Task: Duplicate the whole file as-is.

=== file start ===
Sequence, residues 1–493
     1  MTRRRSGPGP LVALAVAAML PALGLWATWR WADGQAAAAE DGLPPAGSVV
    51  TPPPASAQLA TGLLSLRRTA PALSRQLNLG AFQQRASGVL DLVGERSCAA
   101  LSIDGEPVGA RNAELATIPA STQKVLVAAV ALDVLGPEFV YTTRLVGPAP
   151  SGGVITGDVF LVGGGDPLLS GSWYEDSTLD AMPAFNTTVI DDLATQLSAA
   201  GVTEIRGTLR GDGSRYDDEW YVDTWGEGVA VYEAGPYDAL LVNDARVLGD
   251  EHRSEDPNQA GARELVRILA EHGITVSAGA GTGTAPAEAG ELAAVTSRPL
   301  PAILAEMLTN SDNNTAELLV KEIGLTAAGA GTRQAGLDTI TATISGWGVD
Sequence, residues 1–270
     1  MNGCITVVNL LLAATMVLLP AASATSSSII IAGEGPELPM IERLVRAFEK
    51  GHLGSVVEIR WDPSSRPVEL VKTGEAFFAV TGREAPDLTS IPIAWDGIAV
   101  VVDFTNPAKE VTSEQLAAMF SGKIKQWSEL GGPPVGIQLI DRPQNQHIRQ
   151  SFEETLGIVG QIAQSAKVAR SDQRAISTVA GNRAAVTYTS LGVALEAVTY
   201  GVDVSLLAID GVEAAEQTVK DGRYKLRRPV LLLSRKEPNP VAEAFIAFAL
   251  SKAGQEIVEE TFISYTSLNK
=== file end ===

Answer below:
Sequence, residues 1–493
     1  MTRRRSGPGP LVALAVAAML PALGLWATWR WADGQAAAAE DGLPPAGSVV
    51  TPPPASAQLA TGLLSLRRTA PALSRQLNLG AFQQRASGVL DLVGERSCAA
   101  LSIDGEPVGA RNAELATIPA STQKVLVAAV ALDVLGPEFV YTTRLVGPAP
   151  SGGVITGDVF LVGGGDPLLS GSWYEDSTLD AMPAFNTTVI DDLATQLSAA
   201  GVTEIRGTLR GDGSRYDDEW YVDTWGEGVA VYEAGPYDAL LVNDARVLGD
   251  EHRSEDPNQA GARELVRILA EHGITVSAGA GTGTAPAEAG ELAAVTSRPL
   301  PAILAEMLTN SDNNTAELLV KEIGLTAAGA GTRQAGLDTI TATISGWGVD
Sequence, residues 1–270
     1  MNGCITVVNL LLAATMVLLP AASATSSSII IAGEGPELPM IERLVRAFEK
    51  GHLGSVVEIR WDPSSRPVEL VKTGEAFFAV TGREAPDLTS IPIAWDGIAV
   101  VVDFTNPAKE VTSEQLAAMF SGKIKQWSEL GGPPVGIQLI DRPQNQHIRQ
   151  SFEETLGIVG QIAQSAKVAR SDQRAISTVA GNRAAVTYTS LGVALEAVTY
   201  GVDVSLLAID GVEAAEQTVK DGRYKLRRPV LLLSRKEPNP VAEAFIAFAL
   251  SKAGQEIVEE TFISYTSLNK